Everyone at work thinks I will be great at managing, but I secretly suspect they are wrong!  I have lived my life trying to make people like me (and I’m good enough at it to make them want to promote me to leadership!). However, when I have been put in a leadership position in the past, I have become a control freak who doesn’t want conflict–what a miserable combination!

Anyway, I heard about your podcast on Gretchen Rubin’s Happier podcast, and I have started to listen to it and you are giving me hope that I will be able to do this.  I especially appreciate the perspective that criticism is helpful and necessary for the person to succeed.  Using praise as a tool for success rather than to make someone happier (and like me) is another great reminder for me.

I have a student midwife under me and I have been practicing on her–I gave her very thoughtful and true praise last night and it brought tears to her eyes–in a good way!  I have been giving her criticism as close to the moment as possible, in a direct, non-apologetic and positive way, which is also working.

So, thank you both.  I think your podcast (and I probably need  to read Kim’s book too!), will help my team be more successful in the years ahead.

Sincerely,

N

A Great Start to a Radical Candor Journey

A few weeks ago, we received an amazing email from Samir Sagar, Director at Manubhai Jewellers. He had shared some of our blog posts and videos with his team several weeks prior, and on the day of the email to us, had held a meeting with his five direct reports to ask for feedback.

I told my team that I am at fault for not creating an atmosphere in which they can bring their honest feedback …and that I never intended it to be that way. I asked them to tell me – to my face – whatever they think of my suggestions/ideas/opinions – anything. I would appreciate that.

In this meeting, his team began to open up and give him feedback. Hearing from them and opening this line of communication had a strong impact on Samir.

Honestly, about 6 to 7 hours after that conversation, I am still dazed.

This is going to be a great journey.

My heartfelt thanks to Kim, Russ, and the entire Candor team. The intense feeling that I am feeling right now cannot be expressed in words.

We were inspired by Samir’s email and immediately wanted to hear more of his story. I talked with him and one of his team members to learn how it all came about. Check out both sides of the story!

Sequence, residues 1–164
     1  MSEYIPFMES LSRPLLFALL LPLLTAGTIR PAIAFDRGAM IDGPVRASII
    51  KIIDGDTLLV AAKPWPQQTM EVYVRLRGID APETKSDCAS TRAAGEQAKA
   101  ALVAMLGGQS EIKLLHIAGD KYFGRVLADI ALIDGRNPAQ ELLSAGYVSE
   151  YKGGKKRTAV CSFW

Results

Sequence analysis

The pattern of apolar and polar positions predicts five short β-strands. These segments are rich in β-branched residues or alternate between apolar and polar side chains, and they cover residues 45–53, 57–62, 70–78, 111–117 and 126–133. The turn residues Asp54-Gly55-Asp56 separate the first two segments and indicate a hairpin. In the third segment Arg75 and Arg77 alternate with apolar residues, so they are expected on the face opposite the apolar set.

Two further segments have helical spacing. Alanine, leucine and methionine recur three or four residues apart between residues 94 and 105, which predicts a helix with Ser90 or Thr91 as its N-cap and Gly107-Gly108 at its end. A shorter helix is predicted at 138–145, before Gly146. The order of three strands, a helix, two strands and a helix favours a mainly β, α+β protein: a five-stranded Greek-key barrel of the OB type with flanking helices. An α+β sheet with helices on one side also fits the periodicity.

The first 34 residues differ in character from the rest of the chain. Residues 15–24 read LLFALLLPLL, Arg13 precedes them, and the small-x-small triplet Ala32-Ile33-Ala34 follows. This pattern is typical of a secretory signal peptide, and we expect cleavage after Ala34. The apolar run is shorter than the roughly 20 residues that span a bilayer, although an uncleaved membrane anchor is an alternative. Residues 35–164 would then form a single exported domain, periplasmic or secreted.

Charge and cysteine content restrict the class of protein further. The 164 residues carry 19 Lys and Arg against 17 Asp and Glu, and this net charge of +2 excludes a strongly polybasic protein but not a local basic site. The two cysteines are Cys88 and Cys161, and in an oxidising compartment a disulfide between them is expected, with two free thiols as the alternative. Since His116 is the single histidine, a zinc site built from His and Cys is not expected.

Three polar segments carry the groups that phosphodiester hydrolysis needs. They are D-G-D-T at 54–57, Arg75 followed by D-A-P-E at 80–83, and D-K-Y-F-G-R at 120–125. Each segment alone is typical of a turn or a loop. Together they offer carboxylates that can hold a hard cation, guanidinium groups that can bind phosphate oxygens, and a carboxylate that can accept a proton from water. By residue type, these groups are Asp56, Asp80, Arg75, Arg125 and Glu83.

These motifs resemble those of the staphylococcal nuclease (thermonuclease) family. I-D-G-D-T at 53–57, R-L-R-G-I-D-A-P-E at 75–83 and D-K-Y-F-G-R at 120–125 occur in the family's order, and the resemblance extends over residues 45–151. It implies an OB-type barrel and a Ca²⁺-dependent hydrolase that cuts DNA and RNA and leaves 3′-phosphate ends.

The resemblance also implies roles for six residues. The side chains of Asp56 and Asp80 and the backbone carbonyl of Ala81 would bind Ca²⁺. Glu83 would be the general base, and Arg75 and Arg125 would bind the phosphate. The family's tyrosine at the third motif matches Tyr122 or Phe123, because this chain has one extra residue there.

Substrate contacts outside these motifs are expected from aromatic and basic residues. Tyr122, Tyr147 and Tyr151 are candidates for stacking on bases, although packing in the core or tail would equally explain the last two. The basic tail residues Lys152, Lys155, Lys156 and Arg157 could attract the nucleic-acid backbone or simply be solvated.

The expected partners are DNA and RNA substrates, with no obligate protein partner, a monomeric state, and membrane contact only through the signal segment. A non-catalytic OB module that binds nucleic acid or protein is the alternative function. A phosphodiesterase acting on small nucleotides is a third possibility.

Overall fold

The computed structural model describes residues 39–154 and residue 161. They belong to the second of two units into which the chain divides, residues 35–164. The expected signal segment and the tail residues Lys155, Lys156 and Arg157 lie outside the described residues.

Samir’s Story

Samir’s company, Manubhai Jewellers, is a family-owned business in Mumbai. Samir joined the company straight out of school at 17 years old. He says, because it was a family-owned business, “No one challenges you. You get the notion that everything you do is right.” This continued for many years, and suddenly about five years ago, something changed. He began to notice the tone in the office and realized that he had mostly been behaving rudely as a manager, that he had been yelling at people. When he realized this, he thought, “This is not correct.” Samir started looking at management books and got a coach. He became more self-aware and started making changes.

Looking back now, Samir describes the changes he made. “I stopped yelling and being angry with people to their face, but I didn’t get better at empathy. I think the last 2 years has been a lot of Manipulative Insincerity.”

Several months ago, Samir thought again, “There’s something wrong.” Around that same time, he came across Radical Candor and started reading the blog, listening to the podcast, and reading the book. He started to try to be more open and get to know his team members a little more, but he wanted to learn all he could about the topic and not rush into things as he had done in the past.

When he was partway through reading Radical Candor, Samir decided to share Kim’s First Round video and some of the blog posts with his team. He said, “Let’s meet after you look at them.”

Starting By Soliciting Criticism

The team got together for this first conversation, the meeting that prompted Samir’s email to Candor, Inc. The meeting started on a different note, but as the topic wrapped up Samir asked if the team had watched the video. They had.

He said, “I’m sorry for creating an environment that is kind of authoritarian.” He acknowledged where he knew he had made mistakes and talked about his journey over the last couple of years. He told the team that he wants to do better, to create a culture of Radical Candor and give people the chance to tell him when he’s wrong.

After opening up about his mistakes and reassuring the team that he really wanted to hear their thoughts, Samir invited them to bring their views to the table. They were a bit hesitant at first, but they eventually opened up. “Since we are being Radically Candid,” they started, and so began a 30-40 minute open discussion with the team. They told him what bothered them, what made it harder for them to do their jobs, and where they thought things could improve.

Samir listened, acknowledged their opinions, and thanked them for sharing what they thought. He let them know what he planned to work on as a result of their conversation and encouraged them to keep telling him their thoughts. He acknowledged that he would sometimes have an immediate defensive reaction, but reiterated that he really did appreciate the challenge. “Tell me, ‘Samir you cannot do this to me.’ Tell me whatever way it works for you.”

I asked Samir how he felt during and after the meeting. Was it hard? Hearing all that feedback at once must have been difficult. He said, “It was completely surreal. It wasn’t hard, it was liberating. A big, big burden off my chest.”